Altrussa scholarship deadline is April 15
Altrusa International, Inc., of Oak Ridge is a civic organization of professional women involved in community service and literacy. Altrusans seek to encourage and support women in our community who are striving to complete their education, to search for jobs, and to become financially independent.

The scholarships also target non-traditional students, including re-entry students, who have returned to college or other training after interrupting studies for work or family, or students who are beginning their education after an interruption between high school and college.

As part of this interest, Altrusa is offering three scholarships of up to $1,000 each to deserving women to support their pursuit of education and/or training.

To be eligible for a scholarship, applicants must be admitted to an institution of higher education (4 year, 2 year, technical, or vocational) and enrolled in at least the minimum number of hours required by the institution.

Applicants must also show proof of post-secondary institution admittance and/or an official transcript of the institution. High school seniors must show proof of acceptance to an institution of higher education and a genuine financial need for the scholarship.

Scholarship monies will be given directly to the institution to be used for tuition, books and other academic fees. Applications are available at school counseling offices or by calling 276-1206. All applications must be submitted to the participating institution or mailed to:Altrusa International of Oak Ridge; Attn: Linda Kimmel; P.O. Box 5763; Oak Ridge, Tenn., 37831.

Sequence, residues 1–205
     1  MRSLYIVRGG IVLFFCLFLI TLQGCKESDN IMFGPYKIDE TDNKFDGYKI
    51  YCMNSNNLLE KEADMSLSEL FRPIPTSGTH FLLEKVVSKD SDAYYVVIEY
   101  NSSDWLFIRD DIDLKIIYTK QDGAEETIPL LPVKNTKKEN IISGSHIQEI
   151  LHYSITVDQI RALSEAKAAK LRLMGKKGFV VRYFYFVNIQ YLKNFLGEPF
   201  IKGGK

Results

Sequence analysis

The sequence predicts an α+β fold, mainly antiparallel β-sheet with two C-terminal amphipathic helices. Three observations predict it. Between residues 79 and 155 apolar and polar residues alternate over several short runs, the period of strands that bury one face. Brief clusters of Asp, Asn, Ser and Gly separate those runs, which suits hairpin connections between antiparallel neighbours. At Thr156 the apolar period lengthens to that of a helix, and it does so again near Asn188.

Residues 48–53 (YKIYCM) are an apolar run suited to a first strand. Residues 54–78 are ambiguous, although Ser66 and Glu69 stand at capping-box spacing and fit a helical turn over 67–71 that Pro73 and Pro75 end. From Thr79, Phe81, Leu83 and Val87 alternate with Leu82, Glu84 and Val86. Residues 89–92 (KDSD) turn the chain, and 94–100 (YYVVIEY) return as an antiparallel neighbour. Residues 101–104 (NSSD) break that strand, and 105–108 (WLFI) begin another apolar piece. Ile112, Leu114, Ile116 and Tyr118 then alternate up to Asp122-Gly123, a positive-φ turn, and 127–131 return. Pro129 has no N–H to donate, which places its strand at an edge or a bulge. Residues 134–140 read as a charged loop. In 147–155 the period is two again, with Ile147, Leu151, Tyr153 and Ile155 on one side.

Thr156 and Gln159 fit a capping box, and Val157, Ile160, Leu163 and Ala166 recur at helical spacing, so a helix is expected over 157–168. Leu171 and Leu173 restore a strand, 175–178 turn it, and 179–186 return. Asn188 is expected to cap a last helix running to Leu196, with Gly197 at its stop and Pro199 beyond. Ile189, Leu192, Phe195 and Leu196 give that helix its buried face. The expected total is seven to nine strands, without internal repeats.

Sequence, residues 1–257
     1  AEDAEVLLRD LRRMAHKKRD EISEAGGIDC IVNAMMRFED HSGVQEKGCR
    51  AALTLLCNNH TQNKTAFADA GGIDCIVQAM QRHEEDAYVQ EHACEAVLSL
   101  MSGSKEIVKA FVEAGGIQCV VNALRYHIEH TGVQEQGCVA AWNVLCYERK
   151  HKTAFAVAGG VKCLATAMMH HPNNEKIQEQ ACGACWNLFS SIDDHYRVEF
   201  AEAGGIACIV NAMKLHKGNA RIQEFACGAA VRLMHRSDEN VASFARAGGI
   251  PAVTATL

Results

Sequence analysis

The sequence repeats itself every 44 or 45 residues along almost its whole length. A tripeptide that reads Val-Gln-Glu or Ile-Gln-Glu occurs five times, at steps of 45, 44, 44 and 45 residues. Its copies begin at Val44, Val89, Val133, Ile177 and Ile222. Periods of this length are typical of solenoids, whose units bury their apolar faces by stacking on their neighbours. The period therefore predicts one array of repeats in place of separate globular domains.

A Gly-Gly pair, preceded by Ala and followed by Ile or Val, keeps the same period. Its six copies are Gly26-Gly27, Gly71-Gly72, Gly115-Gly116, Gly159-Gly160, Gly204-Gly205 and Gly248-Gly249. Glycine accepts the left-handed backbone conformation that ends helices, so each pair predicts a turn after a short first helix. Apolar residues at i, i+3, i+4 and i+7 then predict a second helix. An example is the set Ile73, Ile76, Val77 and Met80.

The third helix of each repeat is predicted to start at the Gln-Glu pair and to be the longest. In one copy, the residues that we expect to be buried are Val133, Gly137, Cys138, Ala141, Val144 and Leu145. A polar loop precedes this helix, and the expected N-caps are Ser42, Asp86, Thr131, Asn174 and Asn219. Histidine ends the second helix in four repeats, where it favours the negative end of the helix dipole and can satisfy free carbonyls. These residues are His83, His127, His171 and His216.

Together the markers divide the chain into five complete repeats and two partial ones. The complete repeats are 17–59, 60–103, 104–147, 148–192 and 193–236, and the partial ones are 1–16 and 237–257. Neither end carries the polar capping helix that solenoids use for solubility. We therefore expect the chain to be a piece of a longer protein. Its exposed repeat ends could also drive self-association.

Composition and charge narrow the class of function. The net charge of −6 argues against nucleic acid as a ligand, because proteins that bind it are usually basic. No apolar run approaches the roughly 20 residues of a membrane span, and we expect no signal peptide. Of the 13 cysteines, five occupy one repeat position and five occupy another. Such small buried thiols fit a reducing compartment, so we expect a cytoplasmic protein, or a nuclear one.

Applications must be turned in or postmarked no later than Friday, April 15, 2011.

‘Little Big Band’ will perform at center’s Spring Gala
The Little Big Band, a 13-piece swing band that plays hits made famous by Glenn Miller, Benny Goodman and other World War II era bands, will entertain April 2 at the annual Spring Gala benefiting Appalachian Arts Craft Center.

The event starts at 7 p.m. at Norris Community Building, 20 Chestnut Road.

The Little Big Band calls itself a swing band for the new millennium, playing for audiences from “the swing kids who love the fast dances like the jitterbug, the lindy and the shag, to the polished ballroom dancers who love the vintage dance music made famous by the big bands.” When available, the band uses original orchestrations from the bands that made numbers famous.

Also featured at the gala will be hors d’oeuvres, desserts and beverages prepared by craft center members. A silent auction will feature Charles Counts pottery, antique woven coverlets, handmade crafts from the center’s artisans, themed baskets and coupons for services.

Tickets cost $25 in advance and $30 at the door; to buy them, call the center at 494-9854 or stop by at 2716 Andersonville Highway 61, a mile east of Exit 122 on I-75.

For 40 years, the nonprofit center has provided craft classes and a gallery for handmade local crafts. For more information about the gala or the center, visit www.appalachianarts.net.

Anchor of Hope youth revival
Anchor of Hope Baptist Church, 115 Leach Street (behind Shoprite) is holding a youth revival April 3 – 8.

The first night will begin at 6 p.m., with a 7 p.m. start the rest of the week.

Bro. Jackson Freeman, Bro. Elijah Duncan, and Bro. Kevin Ward will be the speakers.

There will be special singing each night.

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